Incidents occurring on 02/01/2015 and 02/03/2015, notations made in the Nurses’ Notes “read that the resident’s oxygen saturation was 90 percent on room air.” The Nurses’ Notes also indicated “that the resident’s oxygen was set at two liters per minute on 01/31/2015, 02/02/2015, 02/04/2015, 02/05/2015, 02/08/2015, 02/15/2015 through 02/17/2015 and 02/19/2015 through 02/21/2015. Then again on 02/22/2015, 02/23/2015 and 02/25/2015 the surveyor made notations of the nurse’s notes that read “the resident’s oxygen was set at 2.5 liters per minute.”

The state surveyor investigating the deficient practice interviewed the facility’s Director of Nursing on 03/03/2015 who acknowledged “the physician’s orders for oxygen administration should always be followed and that the oxygen level should not be lower than stated on the physician’s order.”

Our Denver nursing home neglect attorneys recognize that any failure to properly care for residents requiring special services places their health and well-being in jeopardy. The deficient practices do not follow established procedures and protocols adopted by the facility and violates federal and state regulations.

Aspen Center
656 Dylan Way
Aurora, CO 80011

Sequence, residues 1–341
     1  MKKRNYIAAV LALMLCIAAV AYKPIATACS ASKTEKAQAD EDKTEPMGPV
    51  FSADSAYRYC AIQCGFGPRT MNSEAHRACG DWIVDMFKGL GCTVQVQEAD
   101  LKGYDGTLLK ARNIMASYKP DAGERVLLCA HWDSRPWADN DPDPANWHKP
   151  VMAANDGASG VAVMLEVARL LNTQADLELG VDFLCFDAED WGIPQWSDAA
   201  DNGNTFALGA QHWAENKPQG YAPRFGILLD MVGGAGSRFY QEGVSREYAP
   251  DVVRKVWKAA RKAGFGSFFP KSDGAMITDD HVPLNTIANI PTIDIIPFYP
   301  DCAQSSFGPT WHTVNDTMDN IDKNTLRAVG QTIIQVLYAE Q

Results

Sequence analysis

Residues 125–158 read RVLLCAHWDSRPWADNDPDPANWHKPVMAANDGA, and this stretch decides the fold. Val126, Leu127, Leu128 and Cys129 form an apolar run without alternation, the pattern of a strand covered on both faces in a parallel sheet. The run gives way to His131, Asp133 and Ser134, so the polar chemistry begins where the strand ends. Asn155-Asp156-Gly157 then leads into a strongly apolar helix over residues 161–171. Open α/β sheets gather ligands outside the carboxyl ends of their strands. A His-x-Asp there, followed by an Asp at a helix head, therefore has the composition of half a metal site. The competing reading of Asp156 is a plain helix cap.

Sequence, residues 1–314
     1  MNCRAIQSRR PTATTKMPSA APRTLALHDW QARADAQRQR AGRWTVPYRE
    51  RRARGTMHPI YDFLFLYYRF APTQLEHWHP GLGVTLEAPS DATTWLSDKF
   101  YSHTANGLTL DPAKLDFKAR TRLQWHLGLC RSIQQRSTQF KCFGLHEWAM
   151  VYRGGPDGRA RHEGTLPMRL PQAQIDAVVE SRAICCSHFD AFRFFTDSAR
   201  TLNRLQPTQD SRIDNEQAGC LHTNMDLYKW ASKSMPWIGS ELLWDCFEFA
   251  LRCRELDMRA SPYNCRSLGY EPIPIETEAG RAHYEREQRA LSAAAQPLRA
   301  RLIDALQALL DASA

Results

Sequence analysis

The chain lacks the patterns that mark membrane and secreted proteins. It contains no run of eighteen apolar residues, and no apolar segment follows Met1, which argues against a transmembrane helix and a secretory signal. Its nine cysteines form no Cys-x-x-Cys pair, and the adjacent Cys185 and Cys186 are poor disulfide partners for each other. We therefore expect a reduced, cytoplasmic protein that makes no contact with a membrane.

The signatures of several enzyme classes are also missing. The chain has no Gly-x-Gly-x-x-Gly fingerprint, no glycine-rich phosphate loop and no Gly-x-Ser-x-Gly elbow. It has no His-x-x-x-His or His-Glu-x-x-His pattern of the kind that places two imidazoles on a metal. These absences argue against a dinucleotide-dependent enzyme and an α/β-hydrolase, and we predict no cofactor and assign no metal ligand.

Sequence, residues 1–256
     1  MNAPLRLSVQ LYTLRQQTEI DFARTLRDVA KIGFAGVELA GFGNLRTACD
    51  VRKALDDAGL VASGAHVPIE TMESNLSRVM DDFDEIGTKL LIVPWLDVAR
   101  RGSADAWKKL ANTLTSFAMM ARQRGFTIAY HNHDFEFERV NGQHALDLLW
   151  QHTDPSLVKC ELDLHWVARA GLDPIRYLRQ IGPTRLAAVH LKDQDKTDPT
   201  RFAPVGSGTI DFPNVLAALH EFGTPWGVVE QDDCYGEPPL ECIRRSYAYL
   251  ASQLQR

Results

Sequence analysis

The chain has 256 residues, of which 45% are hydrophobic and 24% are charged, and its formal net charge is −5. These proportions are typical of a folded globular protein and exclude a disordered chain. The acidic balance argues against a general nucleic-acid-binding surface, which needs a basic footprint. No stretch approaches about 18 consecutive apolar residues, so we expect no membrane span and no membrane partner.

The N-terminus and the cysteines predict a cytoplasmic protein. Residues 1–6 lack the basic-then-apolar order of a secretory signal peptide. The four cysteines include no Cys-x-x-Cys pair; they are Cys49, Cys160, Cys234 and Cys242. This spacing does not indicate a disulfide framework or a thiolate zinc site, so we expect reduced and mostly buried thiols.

(303) 344-0636

A “For-Profit” 120-certified bed Medicaid/Medicare-participating facility

Overall Rating – 1 out of 5 possible stars

1 star rating

Primary Concerns –

Failure to Provide Residents an Environment Free of Accident Hazards

In a summary statement of deficiencies dated 07/31/2015, a state surveyor made a notation during an annual licensure and certification survey concerning the facility’s failure to “ensure that [5 residents at the facility] were free from accident hazards.” The deficient practice failed to ensure that a resident “was provided with proper consistency fluids to minimize the risk of choking/aspiration.” The state surveyor interviewed a resident who reported “that she was not safe to mix up or thickened liquids because she could not remember the correct amount of thickener and  to remember not to drink the thin liquids while waiting for the thickener. She stated, luckily, my roommate takes care of my thickened liquids. My doctor warned me that if I aspirated again you would not be able to save my life again. Scares me that they leave me alone with the liquids. She reported that she ate all of her meals in her room at bedside with her roommate” which was confirmed by her roommate.

Our Aurora nursing home attorneys recognize that failing to provide appropriate standards of care and failing to provide adequate supervision and assistance for a resident requiring assistance could place a resident’s life in jeopardy and might be considered mistreatment or negligence. The deficient practice fails to meet the minimum standards of acceptable levels of care outlined in procedures and policies adopted by the facility and violates federal and state regulations.

Bear Creek Center
150 Spring St.
Morrison, CO 80465
(303) 697-8181

A “For-Profit” 180 -certified bed Medicaid/Medicare-participating facility

Overall Rating – 1 out of 5 possible stars

1 star rating

Primary Concerns –

Failure to Follow Procedures and Protocols for Reporting and Investigating Any Act of Alleged Abuse Involving a Resident